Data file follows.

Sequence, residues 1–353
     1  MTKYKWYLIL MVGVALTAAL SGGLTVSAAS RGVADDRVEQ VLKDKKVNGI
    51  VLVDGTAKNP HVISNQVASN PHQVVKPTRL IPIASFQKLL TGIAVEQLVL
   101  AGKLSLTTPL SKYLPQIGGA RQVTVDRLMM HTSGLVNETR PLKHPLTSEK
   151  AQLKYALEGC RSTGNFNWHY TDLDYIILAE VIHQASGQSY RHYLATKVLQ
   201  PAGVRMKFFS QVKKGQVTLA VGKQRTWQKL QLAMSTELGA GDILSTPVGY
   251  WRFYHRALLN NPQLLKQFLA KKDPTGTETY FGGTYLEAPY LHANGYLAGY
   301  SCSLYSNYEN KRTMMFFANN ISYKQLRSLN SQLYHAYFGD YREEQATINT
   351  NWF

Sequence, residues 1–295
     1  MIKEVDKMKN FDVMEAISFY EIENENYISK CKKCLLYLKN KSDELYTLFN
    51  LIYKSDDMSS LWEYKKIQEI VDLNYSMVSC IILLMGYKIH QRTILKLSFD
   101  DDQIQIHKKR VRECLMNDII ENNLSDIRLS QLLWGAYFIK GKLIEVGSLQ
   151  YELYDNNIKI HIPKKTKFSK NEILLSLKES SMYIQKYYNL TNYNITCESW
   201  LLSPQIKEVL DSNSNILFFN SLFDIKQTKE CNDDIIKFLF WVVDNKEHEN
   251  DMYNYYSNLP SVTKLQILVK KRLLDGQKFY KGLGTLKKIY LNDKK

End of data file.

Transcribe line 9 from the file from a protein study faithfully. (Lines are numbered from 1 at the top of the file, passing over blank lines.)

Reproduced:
   351  NWF